The Innocents Abroad: Or the New Pilgrims Progress

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Signet Classic, 1966 - Fiction - 511 pages
6 Reviews
One of the most famous travel books ever written about Europe and the Holy Land by an American, "The Innocents Abroad" is Mark Twain's irreverent and incisive commentary on the "New Barbarians" 'encounter with the "Old World." Twains hilarious satire is a double-edged weapon, impaling with sharp with the chauvinistic and the cosmopolitan alike. His naive Westerner is a blustering pretender to sophistication, a too-quick convert to culture. Turning the coin, the ruins of antiquity appear but a shadow of their heralded glory; the scenery of Europe and the Holy Land dwarfs in contrast to the splendor of a Western landscape. With stunning agility Twain unconsciously uses his travelogue - as Leslie A. Fiedler points out - to search out the "archetypal differences" between Americans and Europeans - the "American identity." As Mrs. Fiedler points out in his pungent Afterword, this was a quest that was to obsess Mark Twain's literary career: "over and over, he was to return to the themes of "The Innocents Abroad..." a classic work which, without ceasing to be amusing, marks a ciritcal point in the development of our literature, and especially in our attempt through literature to find out who we Americans are."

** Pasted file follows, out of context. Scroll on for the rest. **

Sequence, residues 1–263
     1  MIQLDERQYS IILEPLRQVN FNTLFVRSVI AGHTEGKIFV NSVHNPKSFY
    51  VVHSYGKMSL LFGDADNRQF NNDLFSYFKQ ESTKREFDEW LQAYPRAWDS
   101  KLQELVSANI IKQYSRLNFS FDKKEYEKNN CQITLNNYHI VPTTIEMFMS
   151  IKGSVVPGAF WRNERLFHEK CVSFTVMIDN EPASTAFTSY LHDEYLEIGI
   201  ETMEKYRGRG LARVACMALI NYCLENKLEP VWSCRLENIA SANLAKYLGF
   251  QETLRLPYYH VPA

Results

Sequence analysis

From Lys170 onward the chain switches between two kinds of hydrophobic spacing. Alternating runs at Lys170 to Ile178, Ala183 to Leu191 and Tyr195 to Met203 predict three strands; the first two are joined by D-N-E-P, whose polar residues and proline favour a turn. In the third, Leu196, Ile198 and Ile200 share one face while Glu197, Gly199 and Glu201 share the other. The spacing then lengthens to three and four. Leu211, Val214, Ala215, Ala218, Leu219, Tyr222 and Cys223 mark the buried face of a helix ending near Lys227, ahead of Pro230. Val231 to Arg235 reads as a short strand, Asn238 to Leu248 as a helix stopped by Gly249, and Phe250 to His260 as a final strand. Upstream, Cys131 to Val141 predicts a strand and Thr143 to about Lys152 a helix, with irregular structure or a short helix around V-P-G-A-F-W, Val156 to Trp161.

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LibraryThing Review

User Review  - ssperson - LibraryThing

It's certainly difficult to read this in the 21st century, with our ideals of equality and political correctness. This collection of essays are a product of their time, and the writing definitely ... Read full review

Review: The Innocents Abroad

User Review  - Overthemoon - Goodreads

I wanted to love this book. But somehow it felt like sitting in a room for hours, sipping tea with an acquaintance while watching hundreds of pictures from their vacation. The fun of this book is in ... Read full review

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About the author (1966)

Mark Twain was born Samuel Langhorne Clemens in Florida, Missouri, in 1835, and died at Redding, Connecticut in 1910. In his person and in his pursuits he was a man of extraordinary contrasts. Although he left school at twelve when his father died, he was eventually awarded honorary degrees from Yale University, the University of Missouri, and Oxford University. His career encompassed such varied occupations as printer, Mississippi riverboat pilot, journalist, travel writer, and publisher. He made fortunes from his writing but toward the end of his life he had to resort to lecture tours to pay his debts. He was hot-tempered, profane, and sentimentaland also pessimistic, cynical, and tortured by self-doubt. His nostalgia helped produce some of his best books. He lives in American letters as a great artist, the writer whom William Dean Howells called "the Lincoln of our literature.

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